Feeling the terror
Once those words hit your eardrums, the feeling of terror sets in. Your stomach drops, your mouth gets dry, and the tightening in your chest makes you wonder if you’ll be able to get the words out once you think of an answer. How can one little question carry so much weight?
A lot of it has to do with the unstable nature of the arts. Whether you’re working on a professional show or getting involved in a community production, odds are most people involved don’t have their next project lined up. Being asked what’s next just amplifies that feeling of uncertainty, of wondering if you should have something lined up by now. If you ask someone with a stable lifestyle what’s next, they’re probably content to tell you about their carefully-planned career trajectory and personal goals. Ask someone in theatre, however, and they start to question every life choice they’ve ever made.
Another reason it’s so unsettling is that every production requires a huge commitment. Time, money, and energy are all put in with the desperate hope of getting everything ready by opening night. A lot of people involved in theatre need a break between productions, usually using the time to catch up on areas of life that were neglected in favour of rehearsals and cast bonding. Back-to-back projects can lead to burnout if they aren’t managed carefully, and yet post-show depression can affect people who don’t know what to do with themselves once a show is over. There’s a fine line between overwhelming and under-stimulating yourself, and getting that balance right with every single project is a monumental task.
Playing a dangerous game
The real question is, who asks this kind of question? What sick, twisted monster cooks up the most terrifying question they can and preys upon innocent theatremakers? Who would have the nerve to ask “So, what’s next?” Odds are, it’s probably your mum or something.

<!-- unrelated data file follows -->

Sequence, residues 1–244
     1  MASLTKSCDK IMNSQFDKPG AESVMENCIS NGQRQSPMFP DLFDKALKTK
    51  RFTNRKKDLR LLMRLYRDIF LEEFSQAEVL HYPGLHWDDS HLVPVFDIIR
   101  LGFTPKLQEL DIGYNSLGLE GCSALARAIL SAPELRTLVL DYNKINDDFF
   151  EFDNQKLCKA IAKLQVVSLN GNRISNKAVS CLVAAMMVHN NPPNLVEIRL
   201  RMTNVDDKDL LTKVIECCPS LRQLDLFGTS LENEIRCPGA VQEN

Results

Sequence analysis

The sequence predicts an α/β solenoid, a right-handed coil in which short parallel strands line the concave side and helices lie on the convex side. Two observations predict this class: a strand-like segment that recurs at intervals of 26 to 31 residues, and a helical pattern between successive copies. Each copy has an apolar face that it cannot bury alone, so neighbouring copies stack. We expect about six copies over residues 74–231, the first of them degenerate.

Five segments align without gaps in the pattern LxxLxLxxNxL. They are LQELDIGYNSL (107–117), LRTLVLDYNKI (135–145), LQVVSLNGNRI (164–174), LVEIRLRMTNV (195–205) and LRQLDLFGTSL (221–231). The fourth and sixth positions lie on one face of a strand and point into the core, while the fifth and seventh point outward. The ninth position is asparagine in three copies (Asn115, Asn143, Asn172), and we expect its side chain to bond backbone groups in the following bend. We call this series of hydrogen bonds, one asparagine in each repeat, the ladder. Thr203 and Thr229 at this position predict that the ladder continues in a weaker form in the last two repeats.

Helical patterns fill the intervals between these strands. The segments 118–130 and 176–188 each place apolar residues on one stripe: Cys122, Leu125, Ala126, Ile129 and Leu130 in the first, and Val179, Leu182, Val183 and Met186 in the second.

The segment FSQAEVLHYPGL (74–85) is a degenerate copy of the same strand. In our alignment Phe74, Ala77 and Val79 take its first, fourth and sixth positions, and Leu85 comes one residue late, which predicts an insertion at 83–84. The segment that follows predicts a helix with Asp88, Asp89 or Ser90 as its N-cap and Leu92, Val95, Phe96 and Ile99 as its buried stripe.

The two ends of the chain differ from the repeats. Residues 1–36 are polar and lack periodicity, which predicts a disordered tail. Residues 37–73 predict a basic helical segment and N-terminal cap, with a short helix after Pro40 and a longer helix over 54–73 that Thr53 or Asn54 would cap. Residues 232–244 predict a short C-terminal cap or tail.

Everyone asks this question when they meet a theatremaker, it’s as simple to them as asking a taxi driver how long they’ve got left on their shift when they climb into the car. From the question asker’s perspective, it’s little more than harmless small talk. They probably do care if you have anything coming up, but not nearly as much as you’d like to think. Little do they know the fear they’re instilling.
To be fair, theatre is a relatively niche interest. Unless you’re speaking to someone who takes part in theatre themselves, odds are this awful question is the only thing this person can think to say. They haven’t seen many (or any) plays, and unfortunately, they just weren’t able to make it to your last show! So sorry about that! They’ll definitely get to the next one!
Asking a theatremaker what they’re doing next seems like a safe bet to someone who doesn’t have a conversational alternative. It feels like nothing more than the theatrical equivalent of “So, any plans for the weekend?” The theatremaker who is now having a panic attack knows otherwise, but saying so would bring a very different tone to this casual chat.
Making things a little less scary